Thought Leadership Marketing and Effective Change | Cassie Solomon

Thought Leadership Marketing and the Future of Thought Leadership | Cassie Solomon

What Is the Importance of Thought Leadership Marketing in a Changing World?

An interview with Cassie Solomon about thought leadership marketing, content marketing, and business strategy.


We interviewed Cassie Solomon, CEO of New Group Consulting and a thought leader with a focus on organizational design, workforce transformation and the introduction of new technology. As a consultant, she helps leaders accelerate specific change initiatives. Cassie works with thought leadership marketing to shape a better future for her clients; to enhance accountability and improve decision making practices, and master the skills they will need to move forward.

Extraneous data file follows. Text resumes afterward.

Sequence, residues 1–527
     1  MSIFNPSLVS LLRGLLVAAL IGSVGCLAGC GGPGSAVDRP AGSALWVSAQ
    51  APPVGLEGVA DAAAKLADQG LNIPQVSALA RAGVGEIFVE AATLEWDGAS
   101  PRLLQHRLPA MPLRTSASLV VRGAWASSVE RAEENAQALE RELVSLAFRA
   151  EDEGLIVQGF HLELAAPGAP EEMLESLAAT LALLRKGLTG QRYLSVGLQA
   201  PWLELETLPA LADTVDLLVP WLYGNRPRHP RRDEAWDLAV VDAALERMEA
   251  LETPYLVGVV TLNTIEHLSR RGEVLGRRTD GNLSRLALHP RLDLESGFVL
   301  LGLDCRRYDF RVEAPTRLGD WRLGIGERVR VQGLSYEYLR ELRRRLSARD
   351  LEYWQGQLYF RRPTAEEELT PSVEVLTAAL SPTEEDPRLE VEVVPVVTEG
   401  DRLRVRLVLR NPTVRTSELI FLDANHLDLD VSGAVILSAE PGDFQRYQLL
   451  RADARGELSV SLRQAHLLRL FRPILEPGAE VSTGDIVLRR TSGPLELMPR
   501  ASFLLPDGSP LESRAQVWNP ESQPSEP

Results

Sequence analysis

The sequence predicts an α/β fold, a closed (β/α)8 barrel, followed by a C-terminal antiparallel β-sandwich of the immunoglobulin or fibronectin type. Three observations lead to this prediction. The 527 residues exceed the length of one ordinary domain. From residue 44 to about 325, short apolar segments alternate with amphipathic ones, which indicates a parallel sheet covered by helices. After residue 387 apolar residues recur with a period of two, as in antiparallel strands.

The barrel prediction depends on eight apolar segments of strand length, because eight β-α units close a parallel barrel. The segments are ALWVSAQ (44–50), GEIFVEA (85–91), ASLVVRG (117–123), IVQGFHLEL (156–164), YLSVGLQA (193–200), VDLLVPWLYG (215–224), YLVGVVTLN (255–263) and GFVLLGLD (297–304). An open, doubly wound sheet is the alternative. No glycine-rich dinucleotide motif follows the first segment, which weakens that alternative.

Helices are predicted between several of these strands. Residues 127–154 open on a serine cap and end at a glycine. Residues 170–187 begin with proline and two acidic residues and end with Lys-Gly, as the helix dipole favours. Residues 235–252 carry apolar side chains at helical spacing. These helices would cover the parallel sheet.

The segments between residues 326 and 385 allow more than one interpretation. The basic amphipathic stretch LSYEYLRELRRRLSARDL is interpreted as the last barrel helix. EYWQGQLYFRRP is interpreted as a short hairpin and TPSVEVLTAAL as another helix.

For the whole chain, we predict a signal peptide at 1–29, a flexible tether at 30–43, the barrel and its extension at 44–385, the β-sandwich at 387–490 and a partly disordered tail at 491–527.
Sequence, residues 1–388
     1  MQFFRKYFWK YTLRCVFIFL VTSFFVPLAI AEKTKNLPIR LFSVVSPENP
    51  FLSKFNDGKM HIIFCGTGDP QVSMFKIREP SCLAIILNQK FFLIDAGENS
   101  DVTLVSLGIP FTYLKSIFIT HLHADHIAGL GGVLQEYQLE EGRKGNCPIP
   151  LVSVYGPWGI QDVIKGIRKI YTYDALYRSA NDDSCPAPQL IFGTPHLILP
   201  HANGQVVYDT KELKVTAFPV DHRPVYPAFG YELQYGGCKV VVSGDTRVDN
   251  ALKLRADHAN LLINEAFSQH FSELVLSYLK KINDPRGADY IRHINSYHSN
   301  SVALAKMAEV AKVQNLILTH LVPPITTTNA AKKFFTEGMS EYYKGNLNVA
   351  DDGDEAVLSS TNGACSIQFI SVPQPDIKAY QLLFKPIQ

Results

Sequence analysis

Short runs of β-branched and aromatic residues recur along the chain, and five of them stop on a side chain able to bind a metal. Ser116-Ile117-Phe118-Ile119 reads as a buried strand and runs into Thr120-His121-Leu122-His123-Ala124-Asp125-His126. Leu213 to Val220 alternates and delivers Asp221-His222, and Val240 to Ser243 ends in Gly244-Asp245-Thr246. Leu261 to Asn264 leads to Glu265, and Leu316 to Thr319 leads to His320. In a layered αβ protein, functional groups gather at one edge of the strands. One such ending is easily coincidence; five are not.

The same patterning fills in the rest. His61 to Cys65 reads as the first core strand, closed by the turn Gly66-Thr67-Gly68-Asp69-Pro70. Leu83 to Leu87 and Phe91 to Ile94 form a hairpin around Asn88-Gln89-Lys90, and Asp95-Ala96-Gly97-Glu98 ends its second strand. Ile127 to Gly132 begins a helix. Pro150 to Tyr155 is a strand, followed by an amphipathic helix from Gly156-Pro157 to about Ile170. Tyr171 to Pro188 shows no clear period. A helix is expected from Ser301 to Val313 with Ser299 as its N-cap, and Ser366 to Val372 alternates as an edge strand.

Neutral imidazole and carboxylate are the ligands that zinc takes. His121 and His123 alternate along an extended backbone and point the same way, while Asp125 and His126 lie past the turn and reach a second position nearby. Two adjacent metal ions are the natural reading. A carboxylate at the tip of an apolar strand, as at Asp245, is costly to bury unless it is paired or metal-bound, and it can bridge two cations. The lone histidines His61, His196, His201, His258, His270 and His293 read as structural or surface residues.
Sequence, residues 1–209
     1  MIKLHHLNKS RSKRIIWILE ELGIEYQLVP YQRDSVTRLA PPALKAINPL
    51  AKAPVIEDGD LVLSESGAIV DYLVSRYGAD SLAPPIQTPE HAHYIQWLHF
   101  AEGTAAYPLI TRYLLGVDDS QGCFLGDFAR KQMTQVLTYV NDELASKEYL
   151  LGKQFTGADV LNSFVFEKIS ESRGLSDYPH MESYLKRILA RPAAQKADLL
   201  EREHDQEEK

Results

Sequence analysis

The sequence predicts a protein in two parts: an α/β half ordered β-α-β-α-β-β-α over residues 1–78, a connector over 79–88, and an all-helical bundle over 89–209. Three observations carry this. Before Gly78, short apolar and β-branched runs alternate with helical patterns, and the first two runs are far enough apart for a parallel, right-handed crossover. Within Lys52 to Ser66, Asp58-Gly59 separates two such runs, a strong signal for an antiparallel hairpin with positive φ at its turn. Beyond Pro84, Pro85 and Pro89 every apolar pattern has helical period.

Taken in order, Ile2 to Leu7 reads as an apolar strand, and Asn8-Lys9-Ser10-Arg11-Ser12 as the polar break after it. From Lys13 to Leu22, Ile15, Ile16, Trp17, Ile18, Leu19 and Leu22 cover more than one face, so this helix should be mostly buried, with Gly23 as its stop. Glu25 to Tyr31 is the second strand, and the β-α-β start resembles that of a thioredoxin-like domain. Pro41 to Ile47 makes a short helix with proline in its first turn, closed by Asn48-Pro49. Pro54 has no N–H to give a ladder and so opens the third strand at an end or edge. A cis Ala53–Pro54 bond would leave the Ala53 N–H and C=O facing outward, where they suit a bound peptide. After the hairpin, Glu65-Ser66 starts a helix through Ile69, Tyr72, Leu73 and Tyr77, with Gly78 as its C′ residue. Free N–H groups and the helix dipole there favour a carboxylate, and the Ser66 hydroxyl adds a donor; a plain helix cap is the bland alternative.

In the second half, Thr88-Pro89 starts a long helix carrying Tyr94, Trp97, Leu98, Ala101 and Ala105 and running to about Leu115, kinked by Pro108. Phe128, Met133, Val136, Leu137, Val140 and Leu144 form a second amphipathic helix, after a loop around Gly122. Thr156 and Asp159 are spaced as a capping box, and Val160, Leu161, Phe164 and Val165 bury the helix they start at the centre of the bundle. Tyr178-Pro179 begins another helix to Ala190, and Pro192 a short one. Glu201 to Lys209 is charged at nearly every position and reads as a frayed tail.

Cassie shares her experience as a co-author with Gregory Shea and how his academic approach blends perfectly with her case study method. She also discusses revising the book to include more relevant cases from her own experiences. Also, she talks about her next book and the pivot to helping clients navigate an uncertain future and how her expertise in change management fits perfectly into her emerging role as a futurist.

Three Key Takeaways from the Interview:

  • What will thought leadership marketing look like in the future?
  • How to roll your thought leadership marketing into a plan for success that moves beyond current events, and into globalization
  • What a thought leader needs to know about thought leadership marketing in order to change their expectations of strategy, client interface, and more.

Do you want to push your thought leadership marketing further, establish relationships within your target community, and generate leads for future sales? Reach out to Thought Leadership Leverage and see what we can do for you!


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Transcript